The Truth in Lending Act (TILA) grants borrowers certain rights, including the right to rescind or cancel a mortgage contract within three days of signing the mortgage. It also gives borrowers three years to rescind if the lender fails to provide all of the required disclosures at closing. The statute provides that a borrower must exercise the right to rescind “by notifying the creditor...of his intention to do so.”
The TILA’s mortgage contract cancellation provisions have been the subject of debate and litigation in recent years, with lenders arguing that simple written notice is insufficient. What is required by the statute, according to lenders, is the initiation of a court action. Lenders have had some success with this argument, and a split emerged among the U.S. Courts of Appeal as to the proper interpretation of the TILA.
The U.S. Supreme Court recently weighed in on the issue, and came down on the side of borrowers. On January 13, 2015, in the case of Jesinoski et al. v. Countrywide Home Loans Inc., the Court unanimously ruled that borrowers may exercise a right to rescission by simply notifying creditors of their intent to rescind a loan within three years after receiving the loan if the lender did not disclose the borrower’s three-day right to rescind. No court action is required.
The case involved a lawsuit filed by Larry and Cheryle Jesinoski against Bank of America (BOA) after its subsidiary Countrywide Home Loans, Inc. refused to rescind a mortgage loan to the Jesinoskis. The Jesinoskis sent a rescission notice by letter exactly three years after issuance of the loan. Countrywide refused to rescind the loan on the basis of the letter. The Jesinoskis then filed suit, and lost at the district court and court of appeals. Both courts held that the TILA requires borrowers to bring suit within three years of the loan being issued in order to effect the right to rescission.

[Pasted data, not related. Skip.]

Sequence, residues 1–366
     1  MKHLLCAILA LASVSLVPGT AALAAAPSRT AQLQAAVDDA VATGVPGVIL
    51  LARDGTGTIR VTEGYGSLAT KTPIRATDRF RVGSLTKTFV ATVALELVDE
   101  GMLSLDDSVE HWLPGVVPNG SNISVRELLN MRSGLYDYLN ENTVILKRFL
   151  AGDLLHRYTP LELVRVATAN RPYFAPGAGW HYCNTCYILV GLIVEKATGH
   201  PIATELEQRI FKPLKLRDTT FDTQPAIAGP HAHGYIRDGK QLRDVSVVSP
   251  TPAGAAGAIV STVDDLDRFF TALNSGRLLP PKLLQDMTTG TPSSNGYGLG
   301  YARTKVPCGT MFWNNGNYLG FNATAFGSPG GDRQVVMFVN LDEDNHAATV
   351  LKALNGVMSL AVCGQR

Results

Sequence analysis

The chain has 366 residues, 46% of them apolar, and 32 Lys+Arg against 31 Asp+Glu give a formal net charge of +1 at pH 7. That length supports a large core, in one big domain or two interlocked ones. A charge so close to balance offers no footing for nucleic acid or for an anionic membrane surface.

Writing for the unanimous Court, Justice Antonin Scalia stated that the statutory language “leaves no doubt” that a borrower need merely notify the lender to effect a rescission. Court action is not required. The brevity of the opinion - barely five pages - underscores the unanimity of the Court.
Indeed, the Court described the statute’s provisions on this point as “unequivocal.” Its terms are clear about how “the right to rescind is to be exercised: It provides that a borrower ‘shall have the right to rescind, by notifying the creditor, in accordance with regulations of the Board, of his intention to do so.’” The Court also focused on Congressional intent in passing the TILA, noting that the statute is intended to help consumers “avoid the uninformed use of credit and to protect consumers against inaccurate and unfair billing.” 15 U.S.C. § 1601(a).
The Court’s holding upholds the approach followed by the Third, Fourth, and Eleventh Circuits - which simply required notice to the creditor - and overturned First, Sixth, Eighth, Ninth, and Tenth Circuit precedent which required borrowers to bring a lawsuit to affect rescission.
In light of this case, lenders need to be diligent to ensure that all required disclosures are provided to borrowers at the time of closing. Failing to do so will extend a borrower’s right to rescind to three years, and only a written notice - as opposed to the initiation of a lawsuit - will be required to exercise that right.
 Case no. 13-684 (Decided Jan. 13, 2015).